Kazakh president says constitutional order mostly restored

  • Dozens killed in worst violence since independence
  • Russian-led agency says peacekeeping force is 2,500
  • The fuel price protest turned into an anti-government movement

ALMATY, Jan 7 (Reuters) – Security forces appeared to be in control of the streets of Kazakhstan’s main city, Almaty, on Friday morning and the president said constitutional order had been restored for the most part, a day after Russia sent troops to quell a nationwide uprising.

However, fresh gunfire could be heard in the morning near the city’s central square, where troops and protesters had fought for much of the previous day.

Dozens of people have been killed in street clashes and protesters have set fire to and looted public buildings in several cities in the worst violence in the Central Asian state’s 30-year independence.

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Russia’s Defense Ministry, quoted by Interfax, said that more than 70 planes were flying 24 hours a day to bring Russian troops to Kazakhstan, and now they were helping to control the main Almaty airport, recovered on Thursday from protesters. .

The demonstrations that began in response to a rise in fuel prices have grown into a broad movement against the government and 81-year-old former leader Nursultan Nazarbayev, the longest-serving ruler of any former Soviet state.

He resigned the presidency three years ago, but his family is believed to have retained power in Nur-Sultan, the specially designed capital named after him.

Nazarbayev’s chosen successor, President Kassym-Jomart Tokayev, called in Russian paratroopers on Thursday as part of a force from former Soviet states to help quell the uprising, which he has described as a revolt by foreign-trained militants.

“An anti-terrorist operation has been launched. Law enforcement is working hard. Constitutional order has been largely restored in all regions of the country,” Tokayev said in a statement.

“The local authorities are in control of the situation. But the terrorists continue to use weapons and damage the property of citizens. Therefore, anti-terrorist actions must continue until the militants are completely eliminated.”

TROOPS IN ALMATY

The Interior Ministry said that 26 “armed criminals” had been “killed” and more than 3,000 detained, while 18 members of the police and national guard had been killed since the protests began. read more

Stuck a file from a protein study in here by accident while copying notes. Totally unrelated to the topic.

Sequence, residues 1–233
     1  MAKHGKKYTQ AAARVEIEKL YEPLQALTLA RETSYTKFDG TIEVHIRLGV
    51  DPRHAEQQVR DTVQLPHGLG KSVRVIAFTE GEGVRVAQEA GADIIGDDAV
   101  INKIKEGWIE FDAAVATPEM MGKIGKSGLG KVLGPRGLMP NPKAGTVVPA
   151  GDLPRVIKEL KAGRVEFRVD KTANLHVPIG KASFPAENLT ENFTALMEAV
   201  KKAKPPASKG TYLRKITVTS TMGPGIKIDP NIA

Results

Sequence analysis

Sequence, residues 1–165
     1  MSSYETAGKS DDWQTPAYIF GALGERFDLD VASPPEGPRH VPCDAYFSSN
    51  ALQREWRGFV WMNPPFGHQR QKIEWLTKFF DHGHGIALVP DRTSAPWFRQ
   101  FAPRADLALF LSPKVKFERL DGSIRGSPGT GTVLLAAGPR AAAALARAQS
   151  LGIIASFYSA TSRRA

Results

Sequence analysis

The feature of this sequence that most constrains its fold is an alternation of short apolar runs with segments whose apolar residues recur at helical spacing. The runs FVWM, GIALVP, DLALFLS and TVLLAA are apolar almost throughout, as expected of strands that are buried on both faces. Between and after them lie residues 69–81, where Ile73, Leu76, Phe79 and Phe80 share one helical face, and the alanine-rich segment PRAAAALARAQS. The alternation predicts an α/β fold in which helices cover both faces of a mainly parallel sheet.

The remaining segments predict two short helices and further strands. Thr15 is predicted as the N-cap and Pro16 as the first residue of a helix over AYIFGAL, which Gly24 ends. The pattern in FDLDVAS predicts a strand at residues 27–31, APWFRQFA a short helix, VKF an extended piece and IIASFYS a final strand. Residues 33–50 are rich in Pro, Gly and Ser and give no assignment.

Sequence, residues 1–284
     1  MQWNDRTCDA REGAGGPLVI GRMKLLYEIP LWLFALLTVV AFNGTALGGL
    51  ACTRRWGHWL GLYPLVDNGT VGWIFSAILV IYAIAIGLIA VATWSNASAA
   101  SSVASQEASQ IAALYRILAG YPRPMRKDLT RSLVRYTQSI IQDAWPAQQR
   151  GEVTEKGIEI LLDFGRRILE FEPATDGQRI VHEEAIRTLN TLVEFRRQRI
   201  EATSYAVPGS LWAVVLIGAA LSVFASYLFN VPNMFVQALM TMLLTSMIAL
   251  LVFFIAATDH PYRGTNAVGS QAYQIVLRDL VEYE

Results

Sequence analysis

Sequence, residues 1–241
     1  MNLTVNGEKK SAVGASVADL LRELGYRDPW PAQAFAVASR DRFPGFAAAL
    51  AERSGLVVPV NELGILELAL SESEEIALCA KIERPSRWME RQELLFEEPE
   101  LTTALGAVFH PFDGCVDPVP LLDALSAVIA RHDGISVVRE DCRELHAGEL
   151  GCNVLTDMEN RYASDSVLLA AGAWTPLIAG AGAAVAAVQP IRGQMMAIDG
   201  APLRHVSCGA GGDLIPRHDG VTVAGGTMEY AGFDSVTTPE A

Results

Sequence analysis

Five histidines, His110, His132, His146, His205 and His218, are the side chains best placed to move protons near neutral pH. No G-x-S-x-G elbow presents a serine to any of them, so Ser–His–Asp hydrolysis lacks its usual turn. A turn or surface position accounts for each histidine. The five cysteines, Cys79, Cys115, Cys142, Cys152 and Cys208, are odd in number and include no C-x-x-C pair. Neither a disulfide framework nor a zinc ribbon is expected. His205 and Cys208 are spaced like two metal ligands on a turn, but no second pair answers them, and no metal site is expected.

On Friday morning, Reuters correspondents saw armored vehicles and troops in Almaty’s main square.

A few hundred meters away, a body lay in a badly damaged civilian car. In another part of town, a munitions store had been looted. Military vehicles and about 100 people in military uniforms had also taken up positions in another Almaty square.

Widespread riots have been reported in several other cities in this vast country of 19 million people. The internet has been offline since Wednesday, making it difficult to determine the full extent of the violence.

Moscow’s rapid deployment demonstrated the Kremlin’s willingness to use force to maintain its influence in the former Soviet Union. The Russian-led Collective Security Treaty Organization said its peacekeeping force from the former Soviet states would be around 2,500 and would remain in Kazakhstan for a few days or weeks.

Moscow was “defending Kazakhstan and doing what its allies should do,” said Deputy Foreign Minister Alexander Grushko.

The Tokayev administration said that the force was still arriving and that it had not participated in combat or in the “elimination of militants.”

The violence has been unprecedented in a country ruled firmly for decades by Nazarbayev, who was the last Soviet-era Communist Party chief still in power in an ex-Soviet state when he passed the presidency to Tokayev in 2019.

Nazarbayev has not been seen or heard from since the protests began. Tokayev has tried to distance himself from his predecessor, pulling Nazarbayev and his nephew from security posts since the protests began.

The Tokayev administration said the identity of the detained militants was being established and the possibility that they belonged to an extremist organization was being investigated.

The president will address the nation on Friday, his administration said, calling on people in Almaty to limit their travels around the city while “the search for the remaining hidden bandits is underway.”

Kazakhstan is a major oil producer and the world’s leading producer of uranium.

Oil production at its main field, Tengiz, declined on Thursday, field operator Chevron (CVX.N) said, as some contractors disrupted train lines in support of the protests. World oil prices have risen and the price of uranium has skyrocketed since the fighting began. read more

The country also accounts for about a fifth of global bitcoin “mining,” the electricity-consuming process of recording cryptocurrency transactions, and Kazakhstan’s internet shutdown has reduced the computing power of the global bitcoin network. L4N2TM22L

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Reporting by Olzhas Auyezov, Tamara Vaal, Mariya Gordeyeva and Pavel Mikheyev Writing by Peter Graff and Polina Devitt Editing by Kim Coghill, Michael Perry and John Stonestreet

Our Standards: The Thomson Reuters Trust Principles.

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